Jan 30, 2020 New to the forum, trying to identify a family inherited pistol. I believe it to be an FN1922 model in 7.65. It is gold plated, has an anchor symbol on top of slide, sn is 2xxx. Has what appears to be bakolite grips with FN insignia. Has lanyard loop on bottom left of grip. However, FN never offered packages containing a single pistol with both calibre barrels. Variants FN Model 1922 7.65mm A variant of the Model 1910 was known variously as the Model 1922 or 1910/22. This was a larger model with a longer barrel (113 mm), slide extension, and a longer grip frame to accommodate an extra two rounds. The Fabrique Nationale (FN) Browning Model 1922 pistol bears the distinction of being developed strictly at the request of a FN customer. Specifically, the 'Kingdom of Serbs, Croats and Slovenes' (later known as Yugoslavia) which had been created out of the ashes of the Austro-Hungarian Empire. In the early 1920's the Yugoslav military was in a.
FN Model 1922.32acp Pistol Nazi WWII Vintage. GI#: 101487878. WBA140 and Eagle inspection stamps. It has low profile sights. It includes a US military holster and a plethora of papers.Click for more info. Fabrique Nationale D'Armes De Guerre Model 1922 (10/22 FN).
- Apr 13, 2009
- Western Maine
One pistol in particular - it was the infamous FN M1910 with serial number 19074 which was allegedly used by the Young Bosnian member, Gavrilo Princip, to assassinate Archduke Franz Ferdinand of Austria in Sarajevo in June 1914. This event is most commonly cited as the tipping point to roll the world into the chasm of The Great War.
Two good reference links:
Of course, the best Fabrique Nationale pistol reference is the book by Anthony Vanderlinden, FN Browning Pistols, Side-Arms that Shaped World History.
Through the two Balkan Wars and WWI, the number of FN sidearms were greatly depleted in Serbia. And in the early 1920's the newly formed conglomerate country of Yugoslavia (Kingdom of Serbs, Croats and Slovenes) sought to re-outfit its army, but with a more significant pistol in terms of barrel length and capacity. Fabrique Nationale was again chosen to be the producer.
To defer the cost of retooling for a new gun design, the Browning FN M1910 in 9m/m kurz was chosen as the base. As with the original M1910 design, the blowback/striker-fired pistol would employ three safety mechanisms - grip, thumb and released magazine.
The major changes were:
1. The barrel was lengthened from 88mm to 113mm, which required the introduction of an interlocking extension collar to the front of the main slide. This provided for a greater sight radius.
2. The grip frame and magazine were extended to allow for an eight vs. six round capacity.
3. A lanyard ring was also added to the lower left rear frame.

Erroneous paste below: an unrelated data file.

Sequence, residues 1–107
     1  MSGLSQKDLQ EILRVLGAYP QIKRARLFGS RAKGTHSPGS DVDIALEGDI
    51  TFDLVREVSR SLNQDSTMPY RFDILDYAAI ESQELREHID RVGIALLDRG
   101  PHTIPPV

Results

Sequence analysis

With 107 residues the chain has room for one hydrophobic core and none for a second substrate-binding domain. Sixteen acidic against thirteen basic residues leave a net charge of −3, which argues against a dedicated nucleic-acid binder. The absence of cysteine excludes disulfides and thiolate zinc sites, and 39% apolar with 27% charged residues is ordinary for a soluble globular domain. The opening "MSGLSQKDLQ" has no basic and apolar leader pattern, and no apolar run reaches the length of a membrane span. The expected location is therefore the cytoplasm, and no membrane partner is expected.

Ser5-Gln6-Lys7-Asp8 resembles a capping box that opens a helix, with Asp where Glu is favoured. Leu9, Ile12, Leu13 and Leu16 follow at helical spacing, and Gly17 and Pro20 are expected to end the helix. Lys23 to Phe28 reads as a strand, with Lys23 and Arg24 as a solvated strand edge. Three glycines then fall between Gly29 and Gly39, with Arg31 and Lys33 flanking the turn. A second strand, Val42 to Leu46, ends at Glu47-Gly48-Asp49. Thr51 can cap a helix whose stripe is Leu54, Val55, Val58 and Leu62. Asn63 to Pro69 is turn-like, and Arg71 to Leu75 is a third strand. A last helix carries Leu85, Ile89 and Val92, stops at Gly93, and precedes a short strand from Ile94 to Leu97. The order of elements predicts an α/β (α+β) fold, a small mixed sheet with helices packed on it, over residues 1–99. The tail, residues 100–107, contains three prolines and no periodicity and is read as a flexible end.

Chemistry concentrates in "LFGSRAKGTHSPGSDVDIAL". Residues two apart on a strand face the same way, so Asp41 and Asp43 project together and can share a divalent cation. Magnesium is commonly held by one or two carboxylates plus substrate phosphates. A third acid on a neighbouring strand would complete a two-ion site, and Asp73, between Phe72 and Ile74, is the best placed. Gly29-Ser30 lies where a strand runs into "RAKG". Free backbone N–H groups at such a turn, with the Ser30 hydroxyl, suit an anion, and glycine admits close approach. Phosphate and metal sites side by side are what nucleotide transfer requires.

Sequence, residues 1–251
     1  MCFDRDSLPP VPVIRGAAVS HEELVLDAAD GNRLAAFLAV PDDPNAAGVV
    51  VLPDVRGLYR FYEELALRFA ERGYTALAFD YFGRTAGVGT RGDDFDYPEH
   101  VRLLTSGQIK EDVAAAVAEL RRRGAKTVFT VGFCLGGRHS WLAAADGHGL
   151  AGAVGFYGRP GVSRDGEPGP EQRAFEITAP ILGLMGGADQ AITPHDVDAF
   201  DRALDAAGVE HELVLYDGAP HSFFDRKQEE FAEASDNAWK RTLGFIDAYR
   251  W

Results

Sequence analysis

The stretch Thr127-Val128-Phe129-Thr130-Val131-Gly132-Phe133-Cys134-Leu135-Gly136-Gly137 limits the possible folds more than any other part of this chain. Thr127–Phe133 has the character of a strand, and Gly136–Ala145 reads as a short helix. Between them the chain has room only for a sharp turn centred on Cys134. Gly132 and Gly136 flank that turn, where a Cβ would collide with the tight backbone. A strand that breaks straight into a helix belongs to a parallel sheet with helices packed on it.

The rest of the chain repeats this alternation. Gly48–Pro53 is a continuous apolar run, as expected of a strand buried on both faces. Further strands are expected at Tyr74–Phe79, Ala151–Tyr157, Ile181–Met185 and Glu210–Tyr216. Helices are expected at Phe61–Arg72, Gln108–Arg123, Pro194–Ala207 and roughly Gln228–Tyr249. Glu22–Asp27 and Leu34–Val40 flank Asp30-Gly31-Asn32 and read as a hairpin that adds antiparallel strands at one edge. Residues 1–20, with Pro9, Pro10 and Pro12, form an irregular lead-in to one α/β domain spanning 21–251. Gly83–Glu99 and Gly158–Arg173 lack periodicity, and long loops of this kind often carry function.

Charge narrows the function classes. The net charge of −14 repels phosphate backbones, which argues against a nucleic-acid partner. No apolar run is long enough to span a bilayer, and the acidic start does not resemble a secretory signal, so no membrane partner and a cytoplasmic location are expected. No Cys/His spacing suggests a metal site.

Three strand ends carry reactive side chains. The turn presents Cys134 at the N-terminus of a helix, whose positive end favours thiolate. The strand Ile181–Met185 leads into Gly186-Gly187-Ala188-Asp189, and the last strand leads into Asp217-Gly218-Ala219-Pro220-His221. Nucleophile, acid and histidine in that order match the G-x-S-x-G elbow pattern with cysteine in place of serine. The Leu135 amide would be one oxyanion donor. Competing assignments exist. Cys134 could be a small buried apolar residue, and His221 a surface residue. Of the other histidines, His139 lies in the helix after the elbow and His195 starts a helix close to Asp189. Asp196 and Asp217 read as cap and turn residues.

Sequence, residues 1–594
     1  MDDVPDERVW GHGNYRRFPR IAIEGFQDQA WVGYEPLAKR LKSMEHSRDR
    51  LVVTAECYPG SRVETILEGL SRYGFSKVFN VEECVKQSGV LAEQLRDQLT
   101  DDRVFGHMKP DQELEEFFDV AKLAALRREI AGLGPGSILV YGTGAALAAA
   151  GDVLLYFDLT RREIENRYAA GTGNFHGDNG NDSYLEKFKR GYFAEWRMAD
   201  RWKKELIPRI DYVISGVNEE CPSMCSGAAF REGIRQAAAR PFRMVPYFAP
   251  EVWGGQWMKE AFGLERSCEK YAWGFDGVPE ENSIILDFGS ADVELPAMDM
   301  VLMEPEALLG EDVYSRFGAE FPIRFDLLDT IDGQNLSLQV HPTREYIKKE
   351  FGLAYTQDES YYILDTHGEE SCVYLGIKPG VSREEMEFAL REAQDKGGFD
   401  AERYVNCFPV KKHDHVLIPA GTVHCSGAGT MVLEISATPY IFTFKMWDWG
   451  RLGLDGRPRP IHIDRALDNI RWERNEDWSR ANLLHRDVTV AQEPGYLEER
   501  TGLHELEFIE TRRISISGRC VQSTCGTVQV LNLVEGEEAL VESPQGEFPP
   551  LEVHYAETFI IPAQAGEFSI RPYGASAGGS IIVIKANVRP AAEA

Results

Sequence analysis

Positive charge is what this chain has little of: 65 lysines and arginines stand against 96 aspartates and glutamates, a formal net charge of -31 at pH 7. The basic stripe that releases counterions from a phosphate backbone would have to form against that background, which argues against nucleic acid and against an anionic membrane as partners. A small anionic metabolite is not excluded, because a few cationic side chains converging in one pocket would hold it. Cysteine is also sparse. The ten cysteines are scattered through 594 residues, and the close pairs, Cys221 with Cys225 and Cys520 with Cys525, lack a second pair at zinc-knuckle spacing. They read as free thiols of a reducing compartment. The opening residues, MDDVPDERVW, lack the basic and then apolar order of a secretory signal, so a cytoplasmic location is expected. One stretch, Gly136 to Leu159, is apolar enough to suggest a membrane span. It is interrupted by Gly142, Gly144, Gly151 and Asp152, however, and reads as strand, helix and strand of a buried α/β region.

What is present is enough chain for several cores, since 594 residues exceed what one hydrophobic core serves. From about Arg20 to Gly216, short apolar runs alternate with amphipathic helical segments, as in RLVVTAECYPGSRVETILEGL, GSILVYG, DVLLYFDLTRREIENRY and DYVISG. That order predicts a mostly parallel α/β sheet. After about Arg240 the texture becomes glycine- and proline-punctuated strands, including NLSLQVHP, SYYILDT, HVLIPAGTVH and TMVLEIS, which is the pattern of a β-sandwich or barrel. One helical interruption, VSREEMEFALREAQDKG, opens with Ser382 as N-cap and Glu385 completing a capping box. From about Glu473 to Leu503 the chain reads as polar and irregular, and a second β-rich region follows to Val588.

The upgrades were finalized in 1922 and the new pistol design became known as the FN Model 1910/22, also referred to as the FN M1922 or FN1922. In early 1923, Yugoslavia contracted for 60,000 units, with the final orders being filled into the late 1930's.
Wikipedia file photo of FN Model 1910
Yugoslavian Contract FN Model 1922
The relatively simple and reliable design of the M1922 became a great selling tool for Fabrique Nationale. It was offered in 9m/m kurz (9mm short, 9 X 17mm Browning, .380 acp) or in 7.65m/m (7.65 X 17mm Browning, .32 acp). The model began to spread throughout Europe in the 1920's and 1930's, with military, police, private security and commercial contracts going out to Holland, Turkey, Greece, France, Romania, Finland and Denmark. During war-time occupation of Belgium, Germany produced more M1922 pistols than any other model at FN (1940 - 1944). And post-war contracts continued up through the early 1980's to countries such as West Germany and France.
Fabrique Nationale pistols were once again depleted from the Balkan Region during the occupation of Yugoslavia in WWII, with a large percentage of them being pressed into German service. Other country's contract versions of the FN 1922, as well as those produced under Nazi occupation at the FN factory, were already popular with German officers, and the Luftwaffe in particular.
Today's featured pistol is the most commonly seen version of the Yugoslavian Contract FN M1922, and has the Serbian Cyrillic stamp on the right side slide of Војно државни, for Army (or Military) State. Another version is rarely encountered and is stamped as официрски, for Officer's issue (not pictured). The Yugoslavian crest is stamped into the top forward area of the main slide.